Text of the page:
“People have the right to express solidarity with victims of grave human rights violations and demand justice, whether from one side or the other or both,” the experts said.
They noted with deep concern that several artists around the world have been targeted because of their art or political messaging, pressured to change topics of artistic expression, and labelled either as troublemakers or as indifferent to the suffering of one side or the other. “Some artists have been deprogrammed and censored for calling for peace, others have lost their jobs, and some artists have been silenced or side-lined by their own cultural organisations and artistic communities,” they said.
Journalists and media outlets in Israel and Western countries reporting critically about Israeli policies and operations in the occupied territories or expressing pro-Palestinian views have been the target of threats, intimidation, discrimination and retaliation, which have increased the risk of self-censorship, undermining the diversity and plurality of news that is essential for press freedom and the right of the public to be informed. At least one media outlet in Israel has been threatened reportedly with closure for perceived “bias” towards Palestine. They also criticised the disproportionate and wrongful removal of pro-Palestinian content by social media platforms.
The experts raised concerns about suspensions and expulsions of students from universities, dismissal of academics, calls for their deportation, threats to dissolve student unions and associations, and restrictions on campus meetings to express solidarity with the suffering civilians in Gaza and denounce the ongoing Israeli military response. Students have also been blacklisted in some universities as supporters of terrorism, with accompanying threats to their prospects for future employment…
The experts noted a highly disturbing trend to criminalise and label pro-Palestinian protests as “hate protests” and to pre-emptively ban them, often citing risks to national security, including risks related to incitement to hatred, without providing evidence-based justification. “Such actions not only violate the right to protest guaranteed by Article 21 of the ICCPR, but are also detrimental to democracy and any peace-building efforts,” they said.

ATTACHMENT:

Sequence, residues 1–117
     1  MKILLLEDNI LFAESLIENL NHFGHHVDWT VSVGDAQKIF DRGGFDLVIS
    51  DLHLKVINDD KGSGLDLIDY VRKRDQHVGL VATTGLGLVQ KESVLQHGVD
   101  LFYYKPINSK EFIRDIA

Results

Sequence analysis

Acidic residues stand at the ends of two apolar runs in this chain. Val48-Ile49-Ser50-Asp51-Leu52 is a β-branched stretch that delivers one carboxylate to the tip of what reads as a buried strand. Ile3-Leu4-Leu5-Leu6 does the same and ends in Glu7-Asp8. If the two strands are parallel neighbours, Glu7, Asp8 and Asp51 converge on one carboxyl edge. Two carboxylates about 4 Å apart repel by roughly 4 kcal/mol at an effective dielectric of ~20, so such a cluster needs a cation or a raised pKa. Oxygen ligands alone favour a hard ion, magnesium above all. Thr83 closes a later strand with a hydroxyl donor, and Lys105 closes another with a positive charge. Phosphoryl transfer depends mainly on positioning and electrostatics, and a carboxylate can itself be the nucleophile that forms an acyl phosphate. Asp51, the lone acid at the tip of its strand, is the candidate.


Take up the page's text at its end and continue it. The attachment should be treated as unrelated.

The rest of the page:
The experts recalled that any restriction on human rights must meet the conditions of legality, necessity and proportionality. “Furthermore, advocacy of national, racial or religious hatred that constitutes incitement to violence, hostility or discrimination is prohibited under international law,” they said, calling on individuals in official positions in particular to desist from hate speech and inflammatory statements…
Alexandra Xanthaki, Special Rapporteur in the field of cultural rights; Farida Shaheed, Special Rapporteur on the right to education; Clément Nyaletsossi Voule, Special Rapporteur on the rights to freedom of peaceful assembly and of association; Irene Khan, Special Rapporteur on the protection and promotion of freedom of opinion and expression.
The attack on freedom of speech and association is across the western world. Little incidents like this arrest of CPGBML activists, or my own investigation for “terrorism”, are all signs of a real slide towards fascism. Fascism is being enabled by zionism.
As you know, I am not myself a communist. But society is losing touch with the idea that freedom of speech is not freedom for those who agree either with the government, or with you.
The activists have been released on police bail.
On the surface of it, the first bail condition is ludicrous to impose on avowed Marxists, but this appears to be another manifestation of the desire to criminalise any attempt to refer to Nazi genocide in association with the Gaza genocide. The restriction on distributing leaflets at protests is straight from the handbook of a totalitarian state.
Which is a much scarier handbook than a political pamphlet.